The following table shows the permitted option values. The default
	   value is AUTO.

	   +------+----------------------------+
	   |Value | Meaning		       |
	   +------+----------------------------+
	   |OFF	  | Add	no SET statement to    |
	   |	  | the	output.		       |
	   +------+----------------------------+
	   |ON	  | Add	a SET statement	to the |
	   |	  | output. An error occurs if |
	   |	  |		      GTIDs    |
	   |	  | are	not enabled on the     |
	   |	  | server.		       |
	   +------+----------------------------+
	   |AUTO  | Add	a SET statement	to the |
	   |	  | output if GTIDs are	       |
	   |	  |		      enabled  |
	   |	  | on the server.	       |
	   +------+----------------------------+
	   A partial dump from a server	that is	using GTID-based replication
	   requires the	--set-gtid-purged={ON|OFF} option to be	specified. Use
	   ON if the intention is to deploy a new replication slave using only
	   some	of the data from the dumped server. Use	OFF if the intention
	   is to repair	a table	by copying it within a topology. Use OFF if
	   the intention is to copy a table between replication	topologies
	   that	are disjoint and will remain so.

	   The --set-gtid-purged option	has the	following effect on binary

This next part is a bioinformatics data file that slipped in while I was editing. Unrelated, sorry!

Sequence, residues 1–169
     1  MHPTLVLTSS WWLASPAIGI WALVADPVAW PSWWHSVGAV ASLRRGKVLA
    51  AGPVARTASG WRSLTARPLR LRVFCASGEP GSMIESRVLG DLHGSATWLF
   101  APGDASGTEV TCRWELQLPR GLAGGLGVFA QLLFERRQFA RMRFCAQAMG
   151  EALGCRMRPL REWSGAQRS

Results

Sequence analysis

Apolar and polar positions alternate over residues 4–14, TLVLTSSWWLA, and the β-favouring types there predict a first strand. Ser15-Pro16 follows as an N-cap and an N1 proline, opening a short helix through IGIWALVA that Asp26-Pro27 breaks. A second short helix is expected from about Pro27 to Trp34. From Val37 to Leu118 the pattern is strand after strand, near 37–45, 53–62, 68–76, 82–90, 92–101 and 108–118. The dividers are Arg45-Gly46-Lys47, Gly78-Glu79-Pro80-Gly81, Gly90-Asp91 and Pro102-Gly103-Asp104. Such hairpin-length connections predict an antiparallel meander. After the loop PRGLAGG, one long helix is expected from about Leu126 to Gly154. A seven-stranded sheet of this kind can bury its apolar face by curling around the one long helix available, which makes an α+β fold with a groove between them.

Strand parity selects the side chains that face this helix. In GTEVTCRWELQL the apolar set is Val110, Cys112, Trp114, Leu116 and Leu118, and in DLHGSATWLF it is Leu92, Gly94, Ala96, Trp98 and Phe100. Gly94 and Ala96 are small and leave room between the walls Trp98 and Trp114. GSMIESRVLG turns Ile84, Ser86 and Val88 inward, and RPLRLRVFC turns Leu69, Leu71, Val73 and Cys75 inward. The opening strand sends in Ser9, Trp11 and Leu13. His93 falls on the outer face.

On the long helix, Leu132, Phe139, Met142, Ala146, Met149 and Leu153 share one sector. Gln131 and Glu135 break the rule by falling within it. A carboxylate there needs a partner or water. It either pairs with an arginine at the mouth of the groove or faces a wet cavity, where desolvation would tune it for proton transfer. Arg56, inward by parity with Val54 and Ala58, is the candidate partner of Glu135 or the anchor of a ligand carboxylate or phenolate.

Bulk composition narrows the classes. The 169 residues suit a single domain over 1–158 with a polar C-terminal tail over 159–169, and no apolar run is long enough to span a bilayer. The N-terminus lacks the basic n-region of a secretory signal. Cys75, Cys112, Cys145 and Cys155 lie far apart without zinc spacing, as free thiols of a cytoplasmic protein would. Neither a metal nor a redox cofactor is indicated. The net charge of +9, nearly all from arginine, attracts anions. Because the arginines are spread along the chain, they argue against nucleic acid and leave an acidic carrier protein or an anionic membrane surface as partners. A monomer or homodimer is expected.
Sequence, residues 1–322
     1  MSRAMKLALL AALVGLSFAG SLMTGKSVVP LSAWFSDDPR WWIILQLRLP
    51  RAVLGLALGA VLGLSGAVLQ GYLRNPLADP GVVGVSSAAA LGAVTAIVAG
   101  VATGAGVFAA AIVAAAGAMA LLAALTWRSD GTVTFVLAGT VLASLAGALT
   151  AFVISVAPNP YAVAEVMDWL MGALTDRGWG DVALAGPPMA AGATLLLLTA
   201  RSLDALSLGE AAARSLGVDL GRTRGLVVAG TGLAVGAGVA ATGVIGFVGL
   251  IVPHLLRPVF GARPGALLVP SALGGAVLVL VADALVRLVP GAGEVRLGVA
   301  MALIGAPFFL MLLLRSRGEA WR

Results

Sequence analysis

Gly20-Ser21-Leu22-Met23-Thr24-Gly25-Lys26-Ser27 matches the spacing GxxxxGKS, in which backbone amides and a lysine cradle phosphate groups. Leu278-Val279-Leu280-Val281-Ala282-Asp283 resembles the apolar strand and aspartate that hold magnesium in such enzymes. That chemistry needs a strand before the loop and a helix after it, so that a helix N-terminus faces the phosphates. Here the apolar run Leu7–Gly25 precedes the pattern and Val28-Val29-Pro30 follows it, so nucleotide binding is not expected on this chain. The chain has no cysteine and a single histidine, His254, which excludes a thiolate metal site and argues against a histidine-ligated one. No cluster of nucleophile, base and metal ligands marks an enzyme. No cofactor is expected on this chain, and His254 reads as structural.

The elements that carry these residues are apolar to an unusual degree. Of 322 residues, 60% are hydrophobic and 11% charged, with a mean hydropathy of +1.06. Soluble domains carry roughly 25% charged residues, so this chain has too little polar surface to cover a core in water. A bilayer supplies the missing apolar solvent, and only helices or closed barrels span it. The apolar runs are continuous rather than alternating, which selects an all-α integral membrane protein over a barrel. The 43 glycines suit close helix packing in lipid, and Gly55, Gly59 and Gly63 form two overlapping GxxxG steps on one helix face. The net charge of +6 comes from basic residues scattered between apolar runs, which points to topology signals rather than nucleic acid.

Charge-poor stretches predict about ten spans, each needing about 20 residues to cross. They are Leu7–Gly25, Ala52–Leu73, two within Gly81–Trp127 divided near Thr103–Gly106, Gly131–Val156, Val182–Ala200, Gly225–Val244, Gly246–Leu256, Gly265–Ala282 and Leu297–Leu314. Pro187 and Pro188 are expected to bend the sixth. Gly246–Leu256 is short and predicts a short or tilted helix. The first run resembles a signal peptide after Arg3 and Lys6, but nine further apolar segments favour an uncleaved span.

logging when	the dump file is reloaded:

	   o   --set-gtid-purged=OFF: SET @@SESSION.SQL_LOG_BIN=0; is not
	       added to	the output.

	   o   --set-gtid-purged=ON: SET @@SESSION.SQL_LOG_BIN=0; is added to
	       the output.

	   o   --set-gtid-purged=AUTO: SET @@SESSION.SQL_LOG_BIN=0; is added
	       to the output if	GTIDs are enabled on the server	you are
	       backing up (that	is, if AUTO evaluates to ON).

	       Note
	       It is not recommended to	load a dump file when GTIDs are
	       enabled on the server (gtid_mode=ON), if	your dump file
	       includes	system tables.	mysqldump issues DML instructions for
	       the system tables which use the non-transactional MyISAM
	       storage engine, and this	combination is not permitted when
	       GTIDs are enabled. Also be aware	that loading a dump file from
	       a server	with GTIDs enabled, into another server	with GTIDs
	       enabled,	causes different transaction identifiers to be